Thursday, 12 July 2012

Review: The Gormenghast Trilogy by Mervyn Peake

As I've said before, the 1001 Books list tends to be slightly snooty about genre fiction. Because god forbid this exercise should be fun. To give them a little credit, though, it's not a blanket ban. There's The Hobbit, Watchmen, Do Androids Dream of Electric Sheep - and the first two books in Mervyn Peake's Gormenghast trilogy, Titus Groan and Gormenghast.

The Gormenghast trilogy is an oddly-shaped animal. There seems to be a history of slight confusion over whether or not it's actually fantasy. My copy of Titus Groan, a really gnarly '70s paperback, says on its blurb that the book is not only a 'brilliantly sustained flight of the imagination' but 'also a sustained piece of deadly irony' - which might have been the reason why it took me so long to actually pick the book up. A 'sustained piece of deadly irony' sounds to me like a recipe for sustained and deadly boredom.

But take heart! I have now read it, and I can tell you conclusively that the Gormenghast trilogy is a sustained piece of some of the nuttiest fantasy I've ever come across. Sure, there aren't any dragons or battles or people called G'Turk, but it more than conforms to my own personal definition of fantasy fiction, which is: would it make my mother feel confused and distressed at its lack of connection to the real world? And the answer to that can only be yes.

Flay! He is my favourite. Apart from all my other favourites.
Gormenghast is like nothing on this planet. In fact, it is (probably) like nothing in this universe. It would explain a lot if the characters in it were actually not part of the human race. They may be humanoid, but they're creepily far from human - there's a man so fat that he's got his own gravity, a man so thin that his knees crack like guns whenever he moves and a woman so big that staring at her is like looking up at a cliff. The villain (I have to call him that, even though most of the other characters are also villains to a greater or lesser extent) has blood-red eyes, and there's a girl who can float through the air like a flying squirrel. People's ages alter according to convenience (this threw me more than anything else, oddly enough), and they all live in a castle that's a marvel of baroque madness, a little world where none of the rules of rationality apply.

Open one door and you might find yourself in a room with a living carpet of white cats; open another and you'll see a space filled with thousands of living roots painted all the colours of the rainbow. Open a third and there'll be nothing but a room full of spiders; open a fourth and you might find two bodies lying on the carpet. Gormenghast Castle is endless and endlessly varied, but almost everything in it is just a little bit rotten.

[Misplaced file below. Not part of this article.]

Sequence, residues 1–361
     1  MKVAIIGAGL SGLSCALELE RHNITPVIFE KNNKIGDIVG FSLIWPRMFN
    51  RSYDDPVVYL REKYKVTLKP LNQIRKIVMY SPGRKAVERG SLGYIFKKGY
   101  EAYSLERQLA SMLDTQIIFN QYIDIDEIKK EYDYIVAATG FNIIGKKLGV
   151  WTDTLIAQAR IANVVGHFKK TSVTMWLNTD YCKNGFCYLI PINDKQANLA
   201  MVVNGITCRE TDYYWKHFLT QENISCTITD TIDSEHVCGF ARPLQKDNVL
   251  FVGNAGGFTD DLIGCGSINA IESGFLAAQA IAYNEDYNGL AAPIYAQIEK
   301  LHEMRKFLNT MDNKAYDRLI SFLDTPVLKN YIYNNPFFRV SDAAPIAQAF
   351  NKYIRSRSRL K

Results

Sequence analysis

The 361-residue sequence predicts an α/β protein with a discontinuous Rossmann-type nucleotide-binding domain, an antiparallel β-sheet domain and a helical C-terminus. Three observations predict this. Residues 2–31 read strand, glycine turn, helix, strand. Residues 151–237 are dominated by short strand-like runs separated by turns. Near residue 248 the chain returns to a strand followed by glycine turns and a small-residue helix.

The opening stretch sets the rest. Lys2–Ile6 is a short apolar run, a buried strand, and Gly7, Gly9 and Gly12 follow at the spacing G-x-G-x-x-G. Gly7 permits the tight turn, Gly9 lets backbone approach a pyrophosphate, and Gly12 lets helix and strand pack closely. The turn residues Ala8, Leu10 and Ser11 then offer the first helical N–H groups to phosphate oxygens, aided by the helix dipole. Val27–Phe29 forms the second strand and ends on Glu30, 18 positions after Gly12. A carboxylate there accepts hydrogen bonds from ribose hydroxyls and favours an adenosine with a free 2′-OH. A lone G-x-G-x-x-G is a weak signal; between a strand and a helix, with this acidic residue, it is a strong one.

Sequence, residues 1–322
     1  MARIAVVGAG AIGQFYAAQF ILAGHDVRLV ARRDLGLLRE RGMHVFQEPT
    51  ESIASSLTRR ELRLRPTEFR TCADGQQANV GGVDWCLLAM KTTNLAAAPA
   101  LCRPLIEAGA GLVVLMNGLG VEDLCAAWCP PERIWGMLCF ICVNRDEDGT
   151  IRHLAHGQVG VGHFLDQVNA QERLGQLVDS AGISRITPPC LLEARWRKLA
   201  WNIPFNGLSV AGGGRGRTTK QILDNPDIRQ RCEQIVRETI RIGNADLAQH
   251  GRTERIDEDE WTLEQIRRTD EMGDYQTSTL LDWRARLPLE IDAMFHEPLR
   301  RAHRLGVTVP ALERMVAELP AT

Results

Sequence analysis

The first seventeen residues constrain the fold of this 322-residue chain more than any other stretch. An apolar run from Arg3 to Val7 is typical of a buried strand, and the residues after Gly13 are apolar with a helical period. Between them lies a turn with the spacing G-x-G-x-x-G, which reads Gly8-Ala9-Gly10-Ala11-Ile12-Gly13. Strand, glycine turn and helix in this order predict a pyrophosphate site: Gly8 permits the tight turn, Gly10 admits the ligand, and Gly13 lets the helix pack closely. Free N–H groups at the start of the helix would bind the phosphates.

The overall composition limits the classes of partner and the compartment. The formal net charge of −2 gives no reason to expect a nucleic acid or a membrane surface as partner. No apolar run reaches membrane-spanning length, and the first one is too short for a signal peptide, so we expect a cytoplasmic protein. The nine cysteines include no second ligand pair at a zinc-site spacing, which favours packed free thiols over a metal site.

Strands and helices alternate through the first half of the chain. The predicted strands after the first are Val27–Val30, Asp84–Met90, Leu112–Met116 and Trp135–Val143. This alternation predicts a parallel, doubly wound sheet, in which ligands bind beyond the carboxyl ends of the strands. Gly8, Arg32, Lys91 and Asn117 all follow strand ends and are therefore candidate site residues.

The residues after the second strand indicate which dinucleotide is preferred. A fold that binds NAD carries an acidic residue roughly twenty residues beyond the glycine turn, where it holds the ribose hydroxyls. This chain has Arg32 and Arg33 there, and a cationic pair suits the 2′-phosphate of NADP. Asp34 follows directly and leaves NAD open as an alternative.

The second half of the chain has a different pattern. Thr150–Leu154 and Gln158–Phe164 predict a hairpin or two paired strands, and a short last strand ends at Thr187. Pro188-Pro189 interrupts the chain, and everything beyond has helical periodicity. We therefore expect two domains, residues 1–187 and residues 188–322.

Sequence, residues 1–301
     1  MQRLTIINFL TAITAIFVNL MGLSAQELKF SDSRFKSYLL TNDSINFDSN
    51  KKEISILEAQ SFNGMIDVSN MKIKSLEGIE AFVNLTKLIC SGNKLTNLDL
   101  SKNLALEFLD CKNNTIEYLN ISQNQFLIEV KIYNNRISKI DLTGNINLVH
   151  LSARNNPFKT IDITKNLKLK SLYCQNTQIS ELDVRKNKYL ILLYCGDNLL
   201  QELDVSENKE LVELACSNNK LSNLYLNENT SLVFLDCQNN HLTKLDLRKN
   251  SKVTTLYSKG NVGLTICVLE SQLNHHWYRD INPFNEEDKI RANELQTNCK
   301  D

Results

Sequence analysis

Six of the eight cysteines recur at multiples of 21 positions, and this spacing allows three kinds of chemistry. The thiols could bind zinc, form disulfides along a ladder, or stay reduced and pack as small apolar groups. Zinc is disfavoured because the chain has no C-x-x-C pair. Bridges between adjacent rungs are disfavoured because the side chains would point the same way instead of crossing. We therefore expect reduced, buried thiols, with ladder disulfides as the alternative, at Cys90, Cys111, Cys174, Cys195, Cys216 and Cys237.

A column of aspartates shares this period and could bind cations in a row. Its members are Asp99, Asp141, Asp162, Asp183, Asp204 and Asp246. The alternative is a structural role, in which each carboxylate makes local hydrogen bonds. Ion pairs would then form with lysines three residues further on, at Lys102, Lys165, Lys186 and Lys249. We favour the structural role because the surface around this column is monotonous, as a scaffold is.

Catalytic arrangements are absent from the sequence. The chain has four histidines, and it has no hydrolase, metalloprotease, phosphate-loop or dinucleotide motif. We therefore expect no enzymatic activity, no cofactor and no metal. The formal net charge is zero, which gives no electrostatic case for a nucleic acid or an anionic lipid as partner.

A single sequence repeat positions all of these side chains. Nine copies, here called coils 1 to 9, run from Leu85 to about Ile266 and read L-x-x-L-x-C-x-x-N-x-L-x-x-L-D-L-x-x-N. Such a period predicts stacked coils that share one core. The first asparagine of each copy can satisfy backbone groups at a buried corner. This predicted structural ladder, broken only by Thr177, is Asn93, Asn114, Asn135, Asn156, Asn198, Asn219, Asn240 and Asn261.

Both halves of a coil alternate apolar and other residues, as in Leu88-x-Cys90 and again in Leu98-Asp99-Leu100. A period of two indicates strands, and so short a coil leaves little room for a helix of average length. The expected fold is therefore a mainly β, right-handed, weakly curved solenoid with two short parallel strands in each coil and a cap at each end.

Steerpike in the BBC series.Ugh, look at how great he is.
Peake's got a burning imagination and a taste for wild Gothic nastiness, and he subjects his creations to some extremely choice horrors. Sudden and gruesome death is the norm (don't even bother to hope that your favourite will get to the end of the book), and almost everyone wants to bump off almost everyone else.

Having said that, you might be surprised to know that I don't think I can remember when I've liked a group of characters more. They're irrestistably weird and instantly memorable, all so sad, bad and out-and-out insane that they're a delight to know. There are the Twins, who wander around like grown-up versions of the girls in The Shining and speak in unison; Doctor Prunesquallor, a human acid-trip; the Earl of Groan, who at one point just turns into an owl; and Steerpike, one of the most gloriously nasty baddies of all time ever.

The only non-event, sadly enough, is the hero(?) Titus. He suffers from a problem that Rudyard Kipling never anticipated: that if you are the one keeping your head when people all around you are killing each other and turning into wildlife, you will seem quite boring in comparison. Nominally, the story of Titus Groan and Gormenghast (and also of Titus Alone, which I haven't got to yet) follows the birth and life of Titus, 77th Earl of Groan. Really, though, it's all about the twisted and bloody politics of the castle itself and the awful rise to power of Steerpike, the best villain ever. I love Steerpike. By which I mean, I hate him. Or do I? I don't even know. He is a genius creation, the perfect mixture of attractive and repulsive, and I only wish I could make up someone so great. Well played, Mervyn Peake.

The mean and nasty Gothic soul of me was delighted by these books. They're beautifully, excessively, hallucinogenically written, absolutely out of this world in every sense. If you're my mother, don't read them. If you're anyone else, please do.

4.5 stars.


  1. That sounds really good. Like, I'll probably read it and then write some songs about it because it sounds that interesting.

    1. It's gruesome, Amy. I don't think I can over-emphasise how grim it is. But it is SO GOOD! It will freak you out and delight you.